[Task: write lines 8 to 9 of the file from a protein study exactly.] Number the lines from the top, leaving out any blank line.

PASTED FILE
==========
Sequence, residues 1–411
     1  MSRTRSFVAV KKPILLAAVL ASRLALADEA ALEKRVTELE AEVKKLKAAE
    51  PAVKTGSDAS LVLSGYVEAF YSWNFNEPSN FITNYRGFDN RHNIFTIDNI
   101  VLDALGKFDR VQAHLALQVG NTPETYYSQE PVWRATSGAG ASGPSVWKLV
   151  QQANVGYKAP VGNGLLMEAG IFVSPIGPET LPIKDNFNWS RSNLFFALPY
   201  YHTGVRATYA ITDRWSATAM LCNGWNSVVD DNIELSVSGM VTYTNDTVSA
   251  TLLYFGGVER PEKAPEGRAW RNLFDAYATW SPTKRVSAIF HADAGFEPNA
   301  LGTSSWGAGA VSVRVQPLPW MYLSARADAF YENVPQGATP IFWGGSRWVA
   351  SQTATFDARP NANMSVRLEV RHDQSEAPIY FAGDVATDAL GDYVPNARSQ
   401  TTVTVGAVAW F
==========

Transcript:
   301  LGTSSWGAGA VSVRVQPLPW MYLSARADAF YENVPQGATP IFWGGSRWVA
   351  SQTATFDARP NANMSVRLEV RHDQSEAPIY FAGDVATDAL GDYVPNARSQ